Archives For Art Schools

Nelson Shanks 1937-2015

September 5, 2015 — Leave a comment

One  of our country’s greatest portrait painters passed away recently. Nelson Shanks was also Philadelphia’s own. Students came from all over the world to attend his school which was just a block around the corner from me.  A monumental mind with a monumental talent who touched everyone from dignitaries to students throughout his life. This self portrait was one of his last apparently.




There is no obituary that can possibly capture this man.  Here are a few that make a good attempt:

New York Times

Washington Post



Nelson Shanks painting Margaret Thatcher in 1994 (Via




Nelson Shanks 1937-2015

Not to late to catch this exhibition at Temple Contemporary


Stop Telling Women to Smile
Tatyana Fazlalizadeh

Stop Telling Women to Smile comes from Tatyana Fazlalizadeh’s interviews with women about their street harassment experiences. Fazlalizadeh draws portraits of these women, adds text from their statements and experiences, and pastes them around the city in areas where harassment occurs. They serve as a way to talk back to street harassers in the spaces where the problem exists. This is part of our series on street harassment, which grew out of our Advisory Council‘s question “What makes us feel safe?” Stop Telling Women to Smile is on view at Temple Contemporary through January 31st.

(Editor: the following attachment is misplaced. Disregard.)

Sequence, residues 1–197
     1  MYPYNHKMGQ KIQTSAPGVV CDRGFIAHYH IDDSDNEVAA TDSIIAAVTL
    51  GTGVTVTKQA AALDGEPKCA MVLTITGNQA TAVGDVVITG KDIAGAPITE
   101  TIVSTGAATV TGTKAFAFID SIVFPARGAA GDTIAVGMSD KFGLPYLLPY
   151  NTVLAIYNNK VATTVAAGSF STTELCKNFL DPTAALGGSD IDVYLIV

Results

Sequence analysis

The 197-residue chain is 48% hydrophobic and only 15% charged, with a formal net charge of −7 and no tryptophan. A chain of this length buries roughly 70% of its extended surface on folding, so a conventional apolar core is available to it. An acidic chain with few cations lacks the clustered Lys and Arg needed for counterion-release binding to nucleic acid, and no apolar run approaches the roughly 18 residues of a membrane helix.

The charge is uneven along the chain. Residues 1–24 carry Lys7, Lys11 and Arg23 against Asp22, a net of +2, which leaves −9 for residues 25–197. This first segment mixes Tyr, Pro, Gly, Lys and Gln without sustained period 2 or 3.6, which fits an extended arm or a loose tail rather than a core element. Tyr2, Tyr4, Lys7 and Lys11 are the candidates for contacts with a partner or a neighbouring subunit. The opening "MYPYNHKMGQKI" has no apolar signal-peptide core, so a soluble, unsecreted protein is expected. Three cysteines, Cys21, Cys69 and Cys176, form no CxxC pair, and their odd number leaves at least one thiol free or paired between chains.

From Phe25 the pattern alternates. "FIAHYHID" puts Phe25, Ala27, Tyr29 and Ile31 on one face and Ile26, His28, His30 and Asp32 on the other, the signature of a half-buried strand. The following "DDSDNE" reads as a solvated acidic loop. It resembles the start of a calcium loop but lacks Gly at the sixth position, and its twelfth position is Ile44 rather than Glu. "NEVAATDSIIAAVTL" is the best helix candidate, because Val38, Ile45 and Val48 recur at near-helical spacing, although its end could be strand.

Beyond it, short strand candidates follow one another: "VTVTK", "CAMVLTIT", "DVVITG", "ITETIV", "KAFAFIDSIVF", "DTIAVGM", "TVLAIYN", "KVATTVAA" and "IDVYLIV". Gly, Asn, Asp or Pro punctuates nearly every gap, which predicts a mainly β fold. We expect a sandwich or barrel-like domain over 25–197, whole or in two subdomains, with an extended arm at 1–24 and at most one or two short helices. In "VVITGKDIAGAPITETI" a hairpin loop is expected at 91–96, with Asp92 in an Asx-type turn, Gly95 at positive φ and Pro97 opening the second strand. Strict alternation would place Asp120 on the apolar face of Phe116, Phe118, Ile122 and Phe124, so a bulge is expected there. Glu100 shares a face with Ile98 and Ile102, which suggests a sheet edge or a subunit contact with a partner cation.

via Temple Contemporary


The Protests of Tatyana Fazlalizadeh

Modeled on the teacher/apprentice model the beautiful Cranbrook Academy of Art is an art makers utopian dream where all students and teachers live and work on the same street in a stunning European village and park setting. Yearly, a mere 8-10 students are accepted in each department. Don’t be fooled by its good looks. Founded by Eliel Saarinen and George Booth it remains one of the most prestigious graduate programs in the country. A word to the wise; Students applying here should have a mature body of work under their belts.  Worth a day trip to see the Saarinen House and Cranbrook Museum. A shout-out to the Motor City!


via the web site